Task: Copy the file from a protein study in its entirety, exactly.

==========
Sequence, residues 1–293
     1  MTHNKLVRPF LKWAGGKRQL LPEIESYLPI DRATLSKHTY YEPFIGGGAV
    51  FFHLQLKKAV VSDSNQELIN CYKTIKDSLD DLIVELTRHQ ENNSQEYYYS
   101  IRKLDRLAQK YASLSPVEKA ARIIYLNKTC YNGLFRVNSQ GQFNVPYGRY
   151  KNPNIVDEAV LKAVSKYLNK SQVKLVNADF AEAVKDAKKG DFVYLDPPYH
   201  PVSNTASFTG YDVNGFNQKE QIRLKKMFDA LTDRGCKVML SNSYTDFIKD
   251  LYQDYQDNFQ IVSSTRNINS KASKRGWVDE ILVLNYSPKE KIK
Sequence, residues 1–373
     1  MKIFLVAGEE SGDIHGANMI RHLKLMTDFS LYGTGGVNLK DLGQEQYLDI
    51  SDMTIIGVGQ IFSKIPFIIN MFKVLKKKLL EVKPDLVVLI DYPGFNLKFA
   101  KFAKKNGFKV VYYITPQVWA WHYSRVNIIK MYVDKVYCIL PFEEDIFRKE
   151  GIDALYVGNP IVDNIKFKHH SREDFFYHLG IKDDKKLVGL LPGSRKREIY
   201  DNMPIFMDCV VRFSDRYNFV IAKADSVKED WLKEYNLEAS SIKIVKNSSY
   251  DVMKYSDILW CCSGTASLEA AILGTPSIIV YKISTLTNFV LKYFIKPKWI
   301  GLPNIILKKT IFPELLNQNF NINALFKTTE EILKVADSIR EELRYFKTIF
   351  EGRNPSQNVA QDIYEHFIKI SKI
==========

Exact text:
Sequence, residues 1–293
     1  MTHNKLVRPF LKWAGGKRQL LPEIESYLPI DRATLSKHTY YEPFIGGGAV
    51  FFHLQLKKAV VSDSNQELIN CYKTIKDSLD DLIVELTRHQ ENNSQEYYYS
   101  IRKLDRLAQK YASLSPVEKA ARIIYLNKTC YNGLFRVNSQ GQFNVPYGRY
   151  KNPNIVDEAV LKAVSKYLNK SQVKLVNADF AEAVKDAKKG DFVYLDPPYH
   201  PVSNTASFTG YDVNGFNQKE QIRLKKMFDA LTDRGCKVML SNSYTDFIKD
   251  LYQDYQDNFQ IVSSTRNINS KASKRGWVDE ILVLNYSPKE KIK
Sequence, residues 1–373
     1  MKIFLVAGEE SGDIHGANMI RHLKLMTDFS LYGTGGVNLK DLGQEQYLDI
    51  SDMTIIGVGQ IFSKIPFIIN MFKVLKKKLL EVKPDLVVLI DYPGFNLKFA
   101  KFAKKNGFKV VYYITPQVWA WHYSRVNIIK MYVDKVYCIL PFEEDIFRKE
   151  GIDALYVGNP IVDNIKFKHH SREDFFYHLG IKDDKKLVGL LPGSRKREIY
   201  DNMPIFMDCV VRFSDRYNFV IAKADSVKED WLKEYNLEAS SIKIVKNSSY
   251  DVMKYSDILW CCSGTASLEA AILGTPSIIV YKISTLTNFV LKYFIKPKWI
   301  GLPNIILKKT IFPELLNQNF NINALFKTTE EILKVADSIR EELRYFKTIF
   351  EGRNPSQNVA QDIYEHFIKI SKI